By Anna Merlan
By Lee Escobedo
By Alice Laussade
By Scott Reitz
By Claire Lawton
By Kiernan Maletsky
By Anna Merlan
Want to know how a city works? Start by watching 1974's The Taking of Pelham One Two Three, a primer in which subway hijackers test how long it'll take a million bucks to pass through Gotham's plumbing. Turns out an hour is just enough time to roust the hated mayor out of bed; convince him that $1 million is cheap for the hostages' sure votes; get the treasury on the horn; and gridlock traffic by wrecking the drop-off car. And yet, in the end, a web of interlocked dysfunction from Gracie Mansion to the Transit Authority defeats the crooks' well-oiled machine.
At the time, the movie didn't connect with audiences except, as legend has it, in cities with subways. But in the years after 9/11, The Taking of Pelham One Two Three took on new life—a parable of punch-clock New Yorkers' surly resilience in the face of aggression.
With this second remake of Pelham (the first was a late '90s TV rehash), director Tony Scott turns a presciently post-9/11 movie into an explicitly post-9/11 movie. Make that post-post-9/11: The chief bad guy only looks like a terrorist, when in fact he's an even scarier, more au courant foe—a commodities trader! But if self-conscious stabs at significance don't sound like as much fun as the original's unpretentious caper thrills, that's because they're not.
That's not to say this Pelham never makes it out of the station. If not for that dull TV version a decade ago, which packed all the excitement of buying tokens, it would be tempting to call the basic outline of John Godey's novel indestructible: Four gunmen seize a subway car and its passengers and demand a fortune in one hour, while transit official Walter Garber, stalling for time, plays head games with the gang's mastermind.
In the original, the transit rep was grouchy Walter Matthau. His part's been reconceived for Denzel Washington, whose Walter Garber is more of a turning worm, a disgraced official who's been busted back down to the rank and file. He's the poor bastard who picks up a call from the crime's ringleader, Ryder—John Travolta subbing for Robert Shaw's icy Mr. Blue—and becomes his negotiator and eventual cash mule.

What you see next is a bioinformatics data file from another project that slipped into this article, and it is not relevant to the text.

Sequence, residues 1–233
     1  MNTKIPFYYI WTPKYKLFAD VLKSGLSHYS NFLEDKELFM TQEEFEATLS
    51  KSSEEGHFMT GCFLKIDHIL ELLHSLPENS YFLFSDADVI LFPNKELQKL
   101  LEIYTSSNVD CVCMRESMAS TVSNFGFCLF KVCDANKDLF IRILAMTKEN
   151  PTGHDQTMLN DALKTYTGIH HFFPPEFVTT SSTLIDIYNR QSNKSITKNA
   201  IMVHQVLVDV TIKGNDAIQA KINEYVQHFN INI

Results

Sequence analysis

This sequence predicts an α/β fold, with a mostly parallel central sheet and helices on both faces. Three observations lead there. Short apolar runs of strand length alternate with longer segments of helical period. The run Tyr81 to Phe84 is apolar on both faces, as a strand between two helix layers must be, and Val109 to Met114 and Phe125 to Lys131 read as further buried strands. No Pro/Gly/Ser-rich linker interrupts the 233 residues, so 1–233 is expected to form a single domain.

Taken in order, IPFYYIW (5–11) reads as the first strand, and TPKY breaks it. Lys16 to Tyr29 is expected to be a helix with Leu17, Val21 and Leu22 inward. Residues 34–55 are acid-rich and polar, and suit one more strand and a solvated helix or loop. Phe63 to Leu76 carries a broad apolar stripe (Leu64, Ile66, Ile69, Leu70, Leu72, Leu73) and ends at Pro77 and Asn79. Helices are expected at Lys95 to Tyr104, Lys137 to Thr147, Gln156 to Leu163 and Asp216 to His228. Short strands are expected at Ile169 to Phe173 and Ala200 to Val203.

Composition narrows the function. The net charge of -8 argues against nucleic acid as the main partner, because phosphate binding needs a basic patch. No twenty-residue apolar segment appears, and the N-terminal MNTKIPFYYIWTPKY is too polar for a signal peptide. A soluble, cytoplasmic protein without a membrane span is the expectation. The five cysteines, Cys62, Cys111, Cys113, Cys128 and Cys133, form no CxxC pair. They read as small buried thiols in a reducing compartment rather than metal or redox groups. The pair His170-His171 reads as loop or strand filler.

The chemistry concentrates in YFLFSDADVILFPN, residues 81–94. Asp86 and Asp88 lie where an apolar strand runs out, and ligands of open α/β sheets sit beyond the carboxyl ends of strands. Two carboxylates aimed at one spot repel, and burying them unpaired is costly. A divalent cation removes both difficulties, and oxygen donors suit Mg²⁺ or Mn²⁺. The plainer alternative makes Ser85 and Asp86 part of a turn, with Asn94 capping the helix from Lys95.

The crackling give-and-take between Travolta, a hair-triggered, showboating Joker, and the smartly low-key Washington gives the new Pelham most of its juice. No other actor makes such an art of modulating his performances from situation to situation than Washington. You can read his character's standing in any situation by Washington's gradations of subservience.
On paper, Pelham would appear a good fit for the erratic Scott, whose style has morphed with time and technology into a kind of cubist barrage of image fragments. Synch him up with a techno thriller like Enemy of the State or the recent Déjà Vu, and his ADD direction seems apt.
But Scott applies that technique indiscriminately. Here, Scott's camera acrobatics have so little to do with the events they're recording that they leave hiccups in the movie's momentum. At his most frenetic and least disciplined, Scott doesn't tell the story: He advertises it from shot to shot.
In the original Pelham, director Joseph Sargent's uncluttered direction played up the sweaty-collared confinement of the subway car and the transit office. Which marks, oh, the 50th time I've unfavorably compared the remake to the original—the lazy reviewer's default setting, to be sure. But Scott's redo comes up short in almost every regard against the '74 model. If it's somehow unfair to compare the two, why was The Taking of Pelham 1 2 3 even remade?
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